Venture

European Regulation Ushers In Global Future For Fundraising

By Ryan Feit 

Ten years ago, U.K.-based Crowdcube became the first platform in the world to enable ordinary people to invest in startups online.

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Around the same time in 2011, SeedInvest, of which I am CEO and co-founder, helped get the Entrepreneur Access to Capital Act, which sought to legalize and democratize online fundraising and investing, passed by the U.S. House of Representatives. This Act was ultimately rolled into the Jumpstart Our Business Startups (JOBS) Act which was signed into law on April 5, 2012, enabling entrepreneurs to leverage the power of the internet to raise capital for their businesses for the first time.

Flash-forward a decade, and online fundraising and investing has proliferated in both the U.S. and U.K. markets. In the U.S., more than 1.2 million investors have invested over $1 billion into more than 4,500 startups, according to Crowdfund Capital Advisors. Meanwhile, in the U.K., $549 million was invested through equity crowdfunding in 2020 alone, according to the Cambridge Centre for Alternative Finance.

Furthermore, online fundraising in both the U.S. and the U.K. has matured well beyond seed rounds.

SeedInvest CEO Ryan Feit
SeedInvest CEO Ryan Feit

For example, digital health startup NowRx closed a $20 million round through online fundraising last year and is currently looking to raise an even larger round online. The space has produced many significant success stories where retail investors had opportunities to invest early on in private startups which ultimately became unicorns, including Heliogen in the U.S. and Revolut and BrewDog in the U.K.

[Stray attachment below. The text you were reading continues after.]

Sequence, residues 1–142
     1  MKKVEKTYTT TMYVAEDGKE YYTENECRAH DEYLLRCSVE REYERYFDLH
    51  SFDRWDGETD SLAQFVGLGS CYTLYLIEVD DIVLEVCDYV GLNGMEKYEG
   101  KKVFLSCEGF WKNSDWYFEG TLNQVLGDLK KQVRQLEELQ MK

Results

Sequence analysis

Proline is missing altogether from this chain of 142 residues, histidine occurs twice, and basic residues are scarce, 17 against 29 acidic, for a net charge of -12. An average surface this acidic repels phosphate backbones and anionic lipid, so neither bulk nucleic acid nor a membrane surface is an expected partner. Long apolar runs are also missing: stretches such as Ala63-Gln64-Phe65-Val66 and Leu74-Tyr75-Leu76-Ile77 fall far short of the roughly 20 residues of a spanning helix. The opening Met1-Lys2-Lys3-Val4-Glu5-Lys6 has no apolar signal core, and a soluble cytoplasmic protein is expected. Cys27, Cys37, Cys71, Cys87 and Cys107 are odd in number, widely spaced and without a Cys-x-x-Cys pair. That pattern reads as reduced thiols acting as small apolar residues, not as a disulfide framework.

While online fundraising continued to prosper in the U.S. and the U.K., for all intents and purposes, Europe remained largely off-limits due to a lack of regulatory permission. But earlier this month, that all changed.

On Nov. 10, 2021, the European Commission enacted regulation that allows European-based businesses and investors to access online fundraising and investing for the first time. Companies in the European Union will now be able to raise up to 5 million euros ($5.6 million) from European investors (and additional capital from investors in the U.K. and U.S.). This is a huge deal, not just for entrepreneurs and investors in Europe, but also for the rest of the world.

It’s always been inevitable that fundraising and investing would eventually become global and work seamlessly across geographic borders. To date, the U.S. and U.K. have served as powerful illustrations of the potential of online fundraising.

U.S. and U.K. online startup fundraising success proves the internet can radically improve the efficiency of the private capital markets, spurring innovation, job creation and GDP growth.

They have also demonstrated that high risk, high return, alternative investments can be offered to anyone in a fair and balanced way. The expansion of online fundraising and investing across Europe brings us one step closer to an open, global and connected economy where individuals and businesses can more freely connect and transact on the internet without borders or boundaries.


Ryan Feit is the CEO and co-founder of SeedInvest, an equity crowdfunding platform that connects investors with startups. Prior to founding SeedInvest, Feit worked at Carlson Capital, Wellspring Capital Management, and Lehman Brothers in New York City where he invested in, financed and managed dozens of private and public businesses.

Illustration: Dom Guzman

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